Justice delayed is justice denied, goes the old saying, and a rover could just about reach from the United States to Mars in the time a Los Angeles Superior Court judge has been mulling the evidence in the case of a JPL worker who accused the La Cañada Flintridge lab of religious intolerance.

On the surface, the case is fascinating: Is a leading U.S. institution of astronomy and space exploration a hostile environment for those who entertain the idea that a divine force created the universe?

In the details, it is more mundane: David Coppedge apparently was not a model among space program administrators, and was let go at a time JPL was shedding hundreds of jobs because of budget constraints. It certainly appears from testimony and evidence that his persistent efforts to spread information about the theory of intelligent design were a source of unease among some co-workers, but it is up to Judge Ernest Hiroshige to decide whether this caused Coppedge’s dismissal.

Without a jury, Hiroshige took evidence in March and April. Surely a jury would not have taken six months to decide this relatively routine employment case. Or even six weeks. Or, likely, even six days. Yet Coppedge and JPL wait.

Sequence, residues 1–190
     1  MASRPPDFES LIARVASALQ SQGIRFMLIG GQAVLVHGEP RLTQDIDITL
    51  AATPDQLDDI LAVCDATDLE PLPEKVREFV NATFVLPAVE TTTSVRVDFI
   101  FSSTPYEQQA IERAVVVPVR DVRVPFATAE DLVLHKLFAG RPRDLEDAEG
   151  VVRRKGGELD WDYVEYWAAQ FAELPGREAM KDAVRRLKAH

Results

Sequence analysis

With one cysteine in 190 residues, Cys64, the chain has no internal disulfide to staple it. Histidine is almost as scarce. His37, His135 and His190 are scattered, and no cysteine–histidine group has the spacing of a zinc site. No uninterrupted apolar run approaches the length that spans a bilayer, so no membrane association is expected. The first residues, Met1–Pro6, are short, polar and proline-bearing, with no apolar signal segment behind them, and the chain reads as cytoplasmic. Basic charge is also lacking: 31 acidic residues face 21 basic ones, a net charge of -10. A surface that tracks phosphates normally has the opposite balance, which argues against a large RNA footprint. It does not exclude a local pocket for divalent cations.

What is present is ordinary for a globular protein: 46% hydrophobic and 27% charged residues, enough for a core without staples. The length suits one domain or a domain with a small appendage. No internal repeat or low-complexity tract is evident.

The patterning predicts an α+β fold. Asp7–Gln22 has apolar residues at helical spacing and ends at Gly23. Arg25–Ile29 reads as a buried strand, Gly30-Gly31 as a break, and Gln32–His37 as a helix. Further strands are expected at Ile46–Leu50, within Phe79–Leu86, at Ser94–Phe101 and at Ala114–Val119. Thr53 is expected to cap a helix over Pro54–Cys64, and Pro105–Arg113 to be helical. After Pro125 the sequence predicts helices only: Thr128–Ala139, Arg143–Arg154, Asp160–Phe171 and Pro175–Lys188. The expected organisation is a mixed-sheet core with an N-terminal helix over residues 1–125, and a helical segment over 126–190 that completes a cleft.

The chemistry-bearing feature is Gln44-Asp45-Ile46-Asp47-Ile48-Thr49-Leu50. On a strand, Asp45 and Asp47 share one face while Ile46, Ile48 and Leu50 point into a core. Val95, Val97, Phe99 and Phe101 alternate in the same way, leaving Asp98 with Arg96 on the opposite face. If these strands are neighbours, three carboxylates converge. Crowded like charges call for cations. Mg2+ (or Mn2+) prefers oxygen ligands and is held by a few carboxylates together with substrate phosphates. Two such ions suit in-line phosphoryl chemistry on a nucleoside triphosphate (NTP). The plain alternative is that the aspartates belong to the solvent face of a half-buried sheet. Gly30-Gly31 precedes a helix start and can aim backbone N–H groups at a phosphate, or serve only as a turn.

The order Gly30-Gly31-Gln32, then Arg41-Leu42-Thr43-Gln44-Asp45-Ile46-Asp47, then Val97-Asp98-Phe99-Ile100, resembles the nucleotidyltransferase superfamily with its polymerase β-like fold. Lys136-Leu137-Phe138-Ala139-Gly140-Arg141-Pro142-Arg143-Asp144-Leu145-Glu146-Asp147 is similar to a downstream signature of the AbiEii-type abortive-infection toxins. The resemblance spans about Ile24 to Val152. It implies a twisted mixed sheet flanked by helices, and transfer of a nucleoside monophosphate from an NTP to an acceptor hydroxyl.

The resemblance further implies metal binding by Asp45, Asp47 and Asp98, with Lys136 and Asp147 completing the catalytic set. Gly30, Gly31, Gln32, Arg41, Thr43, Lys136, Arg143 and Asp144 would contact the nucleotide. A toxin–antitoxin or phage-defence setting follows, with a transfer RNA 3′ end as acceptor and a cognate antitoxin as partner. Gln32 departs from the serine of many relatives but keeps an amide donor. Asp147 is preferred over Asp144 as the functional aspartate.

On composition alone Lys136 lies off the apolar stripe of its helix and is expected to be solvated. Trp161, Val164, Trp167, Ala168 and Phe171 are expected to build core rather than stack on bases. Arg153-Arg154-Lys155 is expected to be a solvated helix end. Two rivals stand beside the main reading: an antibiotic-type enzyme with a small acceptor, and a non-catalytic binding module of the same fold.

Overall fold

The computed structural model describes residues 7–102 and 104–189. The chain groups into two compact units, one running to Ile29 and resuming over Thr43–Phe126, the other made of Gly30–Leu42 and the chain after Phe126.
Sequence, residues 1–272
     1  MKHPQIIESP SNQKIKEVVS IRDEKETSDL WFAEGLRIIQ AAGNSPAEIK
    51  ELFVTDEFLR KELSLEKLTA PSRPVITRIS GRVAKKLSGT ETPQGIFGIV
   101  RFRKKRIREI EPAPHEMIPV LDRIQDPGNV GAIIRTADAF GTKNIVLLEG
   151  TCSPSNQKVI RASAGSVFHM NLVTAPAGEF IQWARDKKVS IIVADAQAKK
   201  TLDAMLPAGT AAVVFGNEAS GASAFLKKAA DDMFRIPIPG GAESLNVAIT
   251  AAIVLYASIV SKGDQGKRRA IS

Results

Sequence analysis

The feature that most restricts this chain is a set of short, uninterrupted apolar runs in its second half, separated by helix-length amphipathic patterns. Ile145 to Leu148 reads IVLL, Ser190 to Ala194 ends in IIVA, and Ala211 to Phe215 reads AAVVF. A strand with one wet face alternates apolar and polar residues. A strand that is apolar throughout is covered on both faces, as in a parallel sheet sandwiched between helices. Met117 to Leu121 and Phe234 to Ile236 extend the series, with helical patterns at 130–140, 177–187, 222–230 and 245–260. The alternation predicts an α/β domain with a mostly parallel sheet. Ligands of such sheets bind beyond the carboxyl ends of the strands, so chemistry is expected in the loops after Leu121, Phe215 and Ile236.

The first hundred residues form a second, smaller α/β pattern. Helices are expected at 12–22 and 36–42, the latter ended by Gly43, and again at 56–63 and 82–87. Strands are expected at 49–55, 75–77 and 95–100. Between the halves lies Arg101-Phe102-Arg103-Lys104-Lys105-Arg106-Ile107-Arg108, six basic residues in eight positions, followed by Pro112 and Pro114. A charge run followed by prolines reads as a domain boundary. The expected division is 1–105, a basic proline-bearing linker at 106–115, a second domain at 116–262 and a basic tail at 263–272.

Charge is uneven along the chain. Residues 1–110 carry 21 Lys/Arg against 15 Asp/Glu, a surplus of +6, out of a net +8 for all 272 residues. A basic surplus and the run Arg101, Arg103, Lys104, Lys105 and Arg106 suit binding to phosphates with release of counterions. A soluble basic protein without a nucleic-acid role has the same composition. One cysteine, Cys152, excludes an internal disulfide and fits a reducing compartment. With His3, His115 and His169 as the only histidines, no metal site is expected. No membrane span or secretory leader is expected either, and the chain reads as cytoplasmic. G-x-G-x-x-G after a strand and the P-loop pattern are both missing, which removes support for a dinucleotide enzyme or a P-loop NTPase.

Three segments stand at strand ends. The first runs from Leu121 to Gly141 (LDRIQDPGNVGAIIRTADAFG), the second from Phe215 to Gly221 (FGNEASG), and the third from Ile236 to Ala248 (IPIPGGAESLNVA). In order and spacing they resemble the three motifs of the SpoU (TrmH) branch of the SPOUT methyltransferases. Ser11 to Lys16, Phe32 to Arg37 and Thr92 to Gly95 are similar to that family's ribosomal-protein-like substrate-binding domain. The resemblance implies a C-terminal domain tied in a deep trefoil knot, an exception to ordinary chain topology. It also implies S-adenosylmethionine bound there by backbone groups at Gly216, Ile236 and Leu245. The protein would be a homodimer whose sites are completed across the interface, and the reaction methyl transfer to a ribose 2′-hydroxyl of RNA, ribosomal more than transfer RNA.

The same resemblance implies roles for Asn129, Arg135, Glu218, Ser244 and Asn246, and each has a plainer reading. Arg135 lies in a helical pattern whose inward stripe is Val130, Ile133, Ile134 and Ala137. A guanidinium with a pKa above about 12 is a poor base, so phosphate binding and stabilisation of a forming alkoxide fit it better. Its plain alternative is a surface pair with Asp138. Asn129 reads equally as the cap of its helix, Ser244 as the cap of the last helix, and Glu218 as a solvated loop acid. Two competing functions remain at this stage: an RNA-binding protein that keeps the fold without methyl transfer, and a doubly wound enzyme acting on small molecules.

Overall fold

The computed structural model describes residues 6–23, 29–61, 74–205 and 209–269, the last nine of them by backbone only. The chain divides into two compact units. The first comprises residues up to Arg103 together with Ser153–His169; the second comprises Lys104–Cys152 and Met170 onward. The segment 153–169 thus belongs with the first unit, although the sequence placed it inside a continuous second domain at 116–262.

The Los Angeles Superior Court system is burdened by budget cuts and staff reductions, and when that happens the civil docket is slowed the most because of the constitutional imperatives toward a speedy trial for those facing criminal charges. But even so, six months to render a verdict is extraordinary.

It took a little more than eight months for JPL’s latest Mars rover, Curiosity, to get from Earth to Mars. Will it take that long for David Coppedge’s lawsuit to get from opening statements to a verdict?